For a guy who died in 1973, Alan Watts--currently an Upworthy sensation--is pretty savvy about the Internet. Could it be that this philosopher's Zen-zapped world view somehow anticipated Al Gore's invention? However he did it, the Watts e-footprint is surprisingly sasquatchian: there is, for instance, both alanwatts.net and alanwatts.com. By way of comparison, SteveJobs.com is a site featuring occasional posts about insurance, cooking and school fundraisers--the late computer guru apparently didn't register the domain! (A Korean entrepreneur did.) Watts, a precocious English-born intellect who was once an Episcopalian priest, became a celebrity philosopher in the US during the 1960s-70s counterculture moment.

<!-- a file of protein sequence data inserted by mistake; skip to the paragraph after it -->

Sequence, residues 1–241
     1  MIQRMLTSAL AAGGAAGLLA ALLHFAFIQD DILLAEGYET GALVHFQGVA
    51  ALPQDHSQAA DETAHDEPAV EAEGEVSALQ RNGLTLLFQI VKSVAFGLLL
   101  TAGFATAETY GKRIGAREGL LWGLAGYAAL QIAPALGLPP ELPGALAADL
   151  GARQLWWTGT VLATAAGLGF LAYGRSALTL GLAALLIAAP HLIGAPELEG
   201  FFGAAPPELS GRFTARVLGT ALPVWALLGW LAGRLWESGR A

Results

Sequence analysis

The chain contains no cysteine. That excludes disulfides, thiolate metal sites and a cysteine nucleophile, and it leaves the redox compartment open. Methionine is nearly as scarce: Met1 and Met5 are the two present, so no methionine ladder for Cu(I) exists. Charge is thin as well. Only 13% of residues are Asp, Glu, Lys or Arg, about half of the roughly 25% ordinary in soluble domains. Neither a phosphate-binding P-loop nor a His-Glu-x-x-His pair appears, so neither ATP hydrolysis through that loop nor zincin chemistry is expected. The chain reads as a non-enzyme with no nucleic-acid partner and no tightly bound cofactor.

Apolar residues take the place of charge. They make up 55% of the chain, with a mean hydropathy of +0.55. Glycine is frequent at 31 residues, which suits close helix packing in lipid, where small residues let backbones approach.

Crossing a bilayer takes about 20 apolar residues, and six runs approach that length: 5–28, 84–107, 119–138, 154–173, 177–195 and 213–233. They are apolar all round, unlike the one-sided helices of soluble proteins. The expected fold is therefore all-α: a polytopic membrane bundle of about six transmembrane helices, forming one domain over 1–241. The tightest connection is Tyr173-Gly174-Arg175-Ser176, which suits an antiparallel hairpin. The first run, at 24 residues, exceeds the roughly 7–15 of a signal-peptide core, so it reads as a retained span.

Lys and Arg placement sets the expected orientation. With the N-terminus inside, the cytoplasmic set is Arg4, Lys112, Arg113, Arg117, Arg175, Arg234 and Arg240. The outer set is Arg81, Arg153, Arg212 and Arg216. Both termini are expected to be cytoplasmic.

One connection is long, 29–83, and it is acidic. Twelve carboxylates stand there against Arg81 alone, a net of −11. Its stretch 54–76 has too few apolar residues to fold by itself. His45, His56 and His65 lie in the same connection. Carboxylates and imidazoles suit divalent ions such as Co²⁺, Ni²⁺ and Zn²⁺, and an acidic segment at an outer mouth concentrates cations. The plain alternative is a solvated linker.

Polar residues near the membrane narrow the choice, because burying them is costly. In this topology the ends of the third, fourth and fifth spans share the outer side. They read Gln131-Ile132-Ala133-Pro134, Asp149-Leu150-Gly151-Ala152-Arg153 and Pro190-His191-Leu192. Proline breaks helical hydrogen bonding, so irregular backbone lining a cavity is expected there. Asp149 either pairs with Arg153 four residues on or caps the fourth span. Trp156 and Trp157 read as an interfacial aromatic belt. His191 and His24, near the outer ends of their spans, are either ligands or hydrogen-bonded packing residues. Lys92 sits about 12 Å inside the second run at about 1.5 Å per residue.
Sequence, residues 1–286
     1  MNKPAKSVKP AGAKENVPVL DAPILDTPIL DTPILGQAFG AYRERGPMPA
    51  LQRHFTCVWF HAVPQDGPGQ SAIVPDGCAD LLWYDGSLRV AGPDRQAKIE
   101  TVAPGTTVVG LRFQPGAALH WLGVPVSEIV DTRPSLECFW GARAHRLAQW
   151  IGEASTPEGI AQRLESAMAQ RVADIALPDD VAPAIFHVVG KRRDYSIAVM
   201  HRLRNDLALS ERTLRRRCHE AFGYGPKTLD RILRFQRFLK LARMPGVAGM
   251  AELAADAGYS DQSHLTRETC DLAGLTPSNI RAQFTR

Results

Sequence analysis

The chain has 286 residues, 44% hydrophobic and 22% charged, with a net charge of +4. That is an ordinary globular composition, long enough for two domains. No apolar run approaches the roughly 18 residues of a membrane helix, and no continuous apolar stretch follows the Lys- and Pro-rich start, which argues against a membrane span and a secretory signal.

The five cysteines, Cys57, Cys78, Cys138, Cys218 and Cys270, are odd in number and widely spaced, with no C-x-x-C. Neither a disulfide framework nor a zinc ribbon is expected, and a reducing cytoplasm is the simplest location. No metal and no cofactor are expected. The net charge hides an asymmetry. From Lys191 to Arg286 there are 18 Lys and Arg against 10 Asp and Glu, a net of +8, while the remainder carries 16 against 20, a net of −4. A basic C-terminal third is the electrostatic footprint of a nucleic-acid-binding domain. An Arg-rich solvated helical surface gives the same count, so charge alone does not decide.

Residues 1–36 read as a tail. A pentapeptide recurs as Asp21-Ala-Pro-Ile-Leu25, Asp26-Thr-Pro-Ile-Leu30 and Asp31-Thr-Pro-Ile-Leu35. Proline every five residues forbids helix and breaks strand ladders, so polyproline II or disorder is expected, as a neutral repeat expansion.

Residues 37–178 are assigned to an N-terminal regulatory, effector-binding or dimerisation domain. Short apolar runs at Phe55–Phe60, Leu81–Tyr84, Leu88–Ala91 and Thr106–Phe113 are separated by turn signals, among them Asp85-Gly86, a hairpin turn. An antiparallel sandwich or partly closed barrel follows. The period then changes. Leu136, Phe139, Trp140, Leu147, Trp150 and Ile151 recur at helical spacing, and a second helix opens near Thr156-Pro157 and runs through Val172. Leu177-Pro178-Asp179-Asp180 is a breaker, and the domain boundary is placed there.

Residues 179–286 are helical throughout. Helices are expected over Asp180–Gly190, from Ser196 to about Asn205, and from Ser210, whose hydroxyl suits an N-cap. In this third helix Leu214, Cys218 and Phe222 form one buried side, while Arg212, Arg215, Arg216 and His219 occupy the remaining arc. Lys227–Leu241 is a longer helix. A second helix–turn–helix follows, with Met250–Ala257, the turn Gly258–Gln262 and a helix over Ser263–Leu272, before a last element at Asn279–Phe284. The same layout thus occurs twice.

No one lives forever, of course. (The acknowledgement of one's short earthly tenure is among the principal tenets of Watts' teachings.) But thanks to the Internet, immortality--especially if you went to the trouble of recording your thoughts for easy digitizing--isn't as rare as it used to be. And if you talked often about the right way to live--well there is always an audience for that. These days, lots of seekers visit upworthy.com, where among other heartening and instructive demonstrations, the ghost of Watts intones lapidary advice about spiritual fulfillment to far more people than ever heard his radio broadcasts out of Pacifica, CA. Recently it's hard to avoid encountering a social media link to a Watts video on "Something Every Teacher Should Watch. And Student. And Person." or "Why Living Solely For Money is a Crazy, Terrible Idea." The lectures strike a chord in tough times, which is when actionable self-directed philosophy finds a lot of open doors. Even Watts' strong Internet presence is less surprising when you consider the pervasive influence of Zen and the Esalen-type countercultural markers on the famed Silicon Valley ethos. Watts himself introduced any number of tuner-inners to Norbert Weiner, the great mathematician and philosopher who coined "cybernetics." Watts' son, Mark, burnishes the legacy. He does an excellent job. He clicked all the boxes, at least, when it came time to register the appropriate domain names, even nabbing alanwatts.org. It's just too rich not to hope he secured the domains at GoDaddy.com.
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